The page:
AAP to ‘pause activity on closure’ and postpone redundancies as it enters talks with potential buyers

Two weeks after announcing its June closure, it appears the Australian Associated Press (AAP) may have been thrown a lifeline, with CEO Bruce Davidson saying several approaches have been received for acquisition of the whole company.

However, Davidson was cautious, warning nothing may come of the discussions and that it was early days for a final decision.

The AAP may be saved by a potential buyout

The AAP reports multiple parties have shown interest in buying the entire AAP operation, including its staff of 180 and its divisions – Pagemasters, Medianet and Mediaverse. Davidson addressed staff today, saying the viability of the offers were not yet confirmed.

“I must stress that no decision can be made on the viability of these approaches until meaningful talks take place,” said Davidson.

“We all should be cautious: nothing may come of these discussions.”

AAP was unable to comment on the buyers due to confidentiality commitments, but the initial consultation is expected to take a fortnight.

Subscribers to the service were contacted by editor in chief Tony Gillies today, who promised the service would not be impacted by the discussions.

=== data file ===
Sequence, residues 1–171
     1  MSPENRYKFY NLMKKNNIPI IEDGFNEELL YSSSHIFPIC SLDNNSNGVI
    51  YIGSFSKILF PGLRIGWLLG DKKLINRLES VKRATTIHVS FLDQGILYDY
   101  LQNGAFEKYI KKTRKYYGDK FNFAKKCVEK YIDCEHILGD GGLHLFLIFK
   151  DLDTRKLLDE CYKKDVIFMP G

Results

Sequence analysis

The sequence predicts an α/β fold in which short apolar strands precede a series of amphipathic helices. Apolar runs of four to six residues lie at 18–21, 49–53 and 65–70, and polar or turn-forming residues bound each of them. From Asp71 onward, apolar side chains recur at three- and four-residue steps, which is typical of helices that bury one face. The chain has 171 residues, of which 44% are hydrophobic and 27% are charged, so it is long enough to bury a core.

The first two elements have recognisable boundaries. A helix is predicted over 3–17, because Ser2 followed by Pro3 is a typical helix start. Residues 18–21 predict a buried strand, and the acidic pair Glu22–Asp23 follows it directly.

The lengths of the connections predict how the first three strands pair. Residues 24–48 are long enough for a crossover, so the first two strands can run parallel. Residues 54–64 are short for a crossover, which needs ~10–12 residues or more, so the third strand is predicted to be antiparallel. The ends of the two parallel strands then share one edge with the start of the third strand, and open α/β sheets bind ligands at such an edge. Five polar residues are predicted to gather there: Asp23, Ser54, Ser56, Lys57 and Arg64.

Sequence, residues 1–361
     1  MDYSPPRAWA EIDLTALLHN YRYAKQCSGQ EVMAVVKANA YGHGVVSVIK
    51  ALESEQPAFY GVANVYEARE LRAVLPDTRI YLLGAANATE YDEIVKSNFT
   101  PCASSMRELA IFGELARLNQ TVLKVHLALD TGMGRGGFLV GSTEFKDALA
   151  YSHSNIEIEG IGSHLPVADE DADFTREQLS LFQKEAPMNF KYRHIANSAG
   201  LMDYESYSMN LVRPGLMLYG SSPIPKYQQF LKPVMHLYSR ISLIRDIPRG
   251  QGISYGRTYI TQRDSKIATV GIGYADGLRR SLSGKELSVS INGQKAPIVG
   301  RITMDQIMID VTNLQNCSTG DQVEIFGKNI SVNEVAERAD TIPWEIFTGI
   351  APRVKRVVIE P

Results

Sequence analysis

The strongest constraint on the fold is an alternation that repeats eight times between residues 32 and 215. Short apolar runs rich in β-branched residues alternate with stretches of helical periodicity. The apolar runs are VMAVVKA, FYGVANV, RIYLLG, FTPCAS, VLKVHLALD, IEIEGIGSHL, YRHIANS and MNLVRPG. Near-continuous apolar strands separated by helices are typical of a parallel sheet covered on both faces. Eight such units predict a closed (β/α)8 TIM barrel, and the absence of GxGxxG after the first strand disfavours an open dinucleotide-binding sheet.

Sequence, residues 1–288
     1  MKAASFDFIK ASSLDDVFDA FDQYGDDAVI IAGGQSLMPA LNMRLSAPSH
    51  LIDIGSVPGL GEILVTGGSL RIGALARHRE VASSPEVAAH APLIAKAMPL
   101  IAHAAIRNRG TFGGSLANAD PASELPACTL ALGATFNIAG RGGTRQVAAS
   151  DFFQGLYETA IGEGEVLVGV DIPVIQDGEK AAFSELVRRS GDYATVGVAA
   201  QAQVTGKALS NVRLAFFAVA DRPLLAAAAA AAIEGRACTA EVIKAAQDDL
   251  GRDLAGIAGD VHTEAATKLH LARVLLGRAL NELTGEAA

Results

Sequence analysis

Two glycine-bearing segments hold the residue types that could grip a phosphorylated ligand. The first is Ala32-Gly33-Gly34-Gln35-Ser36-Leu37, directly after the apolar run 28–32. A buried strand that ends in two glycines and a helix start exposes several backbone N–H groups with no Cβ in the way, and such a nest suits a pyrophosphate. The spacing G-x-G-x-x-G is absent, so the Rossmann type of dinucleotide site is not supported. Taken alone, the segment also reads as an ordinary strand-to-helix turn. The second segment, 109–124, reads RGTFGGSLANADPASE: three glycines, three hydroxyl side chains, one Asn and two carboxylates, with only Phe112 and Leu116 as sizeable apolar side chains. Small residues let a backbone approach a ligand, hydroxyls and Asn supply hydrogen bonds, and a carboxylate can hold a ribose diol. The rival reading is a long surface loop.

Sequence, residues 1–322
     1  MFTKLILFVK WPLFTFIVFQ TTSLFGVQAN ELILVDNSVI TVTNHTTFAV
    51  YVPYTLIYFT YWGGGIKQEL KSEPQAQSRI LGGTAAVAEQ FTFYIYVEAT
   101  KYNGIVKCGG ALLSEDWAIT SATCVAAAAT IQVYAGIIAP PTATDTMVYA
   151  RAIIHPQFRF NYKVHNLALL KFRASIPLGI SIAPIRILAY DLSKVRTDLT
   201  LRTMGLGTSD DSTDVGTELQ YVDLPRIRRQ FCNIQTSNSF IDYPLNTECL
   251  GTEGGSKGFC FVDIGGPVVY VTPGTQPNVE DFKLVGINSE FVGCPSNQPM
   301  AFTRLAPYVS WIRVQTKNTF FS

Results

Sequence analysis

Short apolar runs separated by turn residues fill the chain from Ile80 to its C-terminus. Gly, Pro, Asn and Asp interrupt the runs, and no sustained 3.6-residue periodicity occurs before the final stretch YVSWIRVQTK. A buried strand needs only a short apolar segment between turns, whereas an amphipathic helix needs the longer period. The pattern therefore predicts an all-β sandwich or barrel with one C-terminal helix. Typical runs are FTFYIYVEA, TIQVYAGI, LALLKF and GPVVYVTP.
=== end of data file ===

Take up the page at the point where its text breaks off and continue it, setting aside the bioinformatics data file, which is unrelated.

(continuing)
Editorial staff had been given finishing dates of March 27 and June 26 and assurances of full redundancy entitlements. Those processes have now been placed on hold.

AAP is owned by Nine, News Corp Australia, The West Australian and Australian Community Media (ACM).

The potential of a buyout comes as the Media, Entertainment and Arts Alliance (MEAA) has issued a plea to the AAP board members to keep the news service open until after the coronavirus outbreak has ceased.

In a letter issued to Davidson, MEAA chief executive Paul Murphy said a decision to keep the service open until the end of the calendar year would be in the national interest.

“At a time when Australians are facing the most significant health challenge since the 1918 H1N1 influenza pandemic, the AAP newswire service is more critical than at any time since the end of the second world war,” read the note.

“According, MEAA urges the shareholders to reconsider the decision to close the newswire service and to keep the newswire service open right through the calendar year 2020.”

Upon announcing the closure earlier this month, Gillies released a statement to champion the importance of the AAP’s service.

“We have had a place like no other in journalism. We exist for the public’s interest and I now fear for the void left by the absence of AAP’s strong, well-considered voice,” Gillies said.

Many have come out in support of the business, with the ABC, SBS and members of parliament calling for its continuation and for support to ensure its viability in the future.


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